tab7
Table 7: Mechanical properties of AS4/3501-6 lamina—source [10].
973026.fig.0010
Figure 10: Shear stress-strain curve of AS4/3501-6 (±45° tension test) [11].

An alternative way of linear approximation is to consider that the laminate failure occurs when the 0-ply ultimate stress is reached, when the angle ply has not yet reached its ultimate strain (according to Figure 10). The elastic shear modulus value shown in Table 7 is used in the calculation for the angle layer up to the laminate failure (linear approximation). This will overpredict the strength by around 5% (nonconservative).

Though arguably 5% overprediction may not be negligible, the aforementioned does indicate that, with a linear approximation, when the ultimate strain of a matrix dominant lamina stress-strain component is used, the predicted loading capacity is much closer to the nonlinear analysis than that when the ultimate stress is used (35% under prediction). This is due to the matrix strain hardening behaviour and the insignificant contribution of the matrix dominated stress component in the overall loading capacity of the laminar.

The previous discussion relates two different ways of linear approximation. Extending this discussion, one may conclude that in the microstructural analysis (postprocession of a FEM linear approximation analysis) to use the ultimate strain of a matrix would result in a nonconservative but much smaller strength prediction error than to use the ultimate stress of the matrix (conservative, much larger strength prediction error).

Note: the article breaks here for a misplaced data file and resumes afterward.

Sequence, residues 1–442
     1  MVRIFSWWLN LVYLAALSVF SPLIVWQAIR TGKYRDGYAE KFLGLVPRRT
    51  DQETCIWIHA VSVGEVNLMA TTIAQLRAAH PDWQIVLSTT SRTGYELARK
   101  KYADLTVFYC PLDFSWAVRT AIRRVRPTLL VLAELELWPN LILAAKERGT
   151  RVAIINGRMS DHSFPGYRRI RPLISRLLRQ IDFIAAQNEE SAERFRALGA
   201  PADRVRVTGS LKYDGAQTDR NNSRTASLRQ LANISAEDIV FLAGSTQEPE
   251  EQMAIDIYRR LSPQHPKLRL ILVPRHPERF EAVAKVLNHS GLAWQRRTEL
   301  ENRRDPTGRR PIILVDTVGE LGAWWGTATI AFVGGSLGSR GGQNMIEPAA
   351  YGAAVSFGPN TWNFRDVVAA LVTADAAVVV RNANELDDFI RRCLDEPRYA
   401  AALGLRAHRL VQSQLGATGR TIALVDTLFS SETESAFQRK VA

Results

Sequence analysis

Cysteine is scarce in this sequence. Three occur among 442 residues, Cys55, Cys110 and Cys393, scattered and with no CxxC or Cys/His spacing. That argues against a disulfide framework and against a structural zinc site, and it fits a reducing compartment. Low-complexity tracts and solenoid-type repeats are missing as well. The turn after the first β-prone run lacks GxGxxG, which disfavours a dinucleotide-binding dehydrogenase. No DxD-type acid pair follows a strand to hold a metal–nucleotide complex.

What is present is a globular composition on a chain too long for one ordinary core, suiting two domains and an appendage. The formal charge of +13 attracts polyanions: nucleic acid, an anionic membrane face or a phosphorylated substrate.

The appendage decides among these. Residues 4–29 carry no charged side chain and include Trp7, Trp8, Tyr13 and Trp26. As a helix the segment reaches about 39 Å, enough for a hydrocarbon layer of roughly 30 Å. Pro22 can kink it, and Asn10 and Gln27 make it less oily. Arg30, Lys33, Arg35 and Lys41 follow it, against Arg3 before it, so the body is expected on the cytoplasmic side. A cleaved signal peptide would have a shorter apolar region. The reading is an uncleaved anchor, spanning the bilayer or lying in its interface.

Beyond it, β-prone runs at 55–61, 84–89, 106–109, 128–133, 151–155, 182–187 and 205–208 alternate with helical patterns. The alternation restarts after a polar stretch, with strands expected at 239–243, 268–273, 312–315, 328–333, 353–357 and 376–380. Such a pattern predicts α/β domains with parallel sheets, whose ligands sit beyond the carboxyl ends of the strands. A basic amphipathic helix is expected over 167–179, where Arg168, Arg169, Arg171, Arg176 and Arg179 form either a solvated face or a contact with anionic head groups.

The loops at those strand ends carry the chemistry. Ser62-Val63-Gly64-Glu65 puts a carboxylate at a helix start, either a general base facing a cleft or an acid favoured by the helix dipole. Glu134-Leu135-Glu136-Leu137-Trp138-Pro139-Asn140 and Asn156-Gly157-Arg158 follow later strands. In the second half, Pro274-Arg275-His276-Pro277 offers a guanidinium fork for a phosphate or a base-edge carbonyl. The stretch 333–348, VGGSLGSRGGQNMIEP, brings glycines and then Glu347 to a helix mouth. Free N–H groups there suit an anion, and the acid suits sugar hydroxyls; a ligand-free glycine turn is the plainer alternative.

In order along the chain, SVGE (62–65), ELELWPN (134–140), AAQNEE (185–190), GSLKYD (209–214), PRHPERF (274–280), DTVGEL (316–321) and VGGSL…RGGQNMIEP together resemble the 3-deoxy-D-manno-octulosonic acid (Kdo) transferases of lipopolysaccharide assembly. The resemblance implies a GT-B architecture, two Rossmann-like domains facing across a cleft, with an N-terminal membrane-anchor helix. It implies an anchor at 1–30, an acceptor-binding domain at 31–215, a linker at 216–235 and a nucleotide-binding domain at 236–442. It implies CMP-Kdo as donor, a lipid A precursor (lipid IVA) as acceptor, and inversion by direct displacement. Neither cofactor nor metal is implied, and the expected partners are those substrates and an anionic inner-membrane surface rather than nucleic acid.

Thus, when a prediction based on linear analysis approximation is used in the case where the matrix material nonlinearity effect is significant, it is important to determine the maximum possible error and if it is acceptable in terms of the requirement/purpose of the prediction.

A further point to make is the different way to make the linearization. As shown in Figure 11, line OA uses the initial modulus in conjunction with ultimate stress as failure indication (conservative), line OB uses the initial modulus and ultimate strain (nonconservative), line OC uses a secant modulus and ultimate stress (conservative), and line OD uses the strain energy to define modulus and uses ultimate strain as failure indication. Line OD may be a good way for the linearization in terms of strength prediction error.

973026.fig.0011
Figure 11: Different ways of linear approximation for nonlinear stress-strain relationship of polymer matrix or matrix dominant lamina property.

5. Summary

Recent development has enabled fibre and matrix failure in a fibre reinforced composite material to be predicted separately. Matrix yield/failure prediction is based on a Von Mises strain and first strain invariant criteria. Improvement of the matrix failure criteria for enhanced prediction accuracy is discussed and demonstrated in this paper.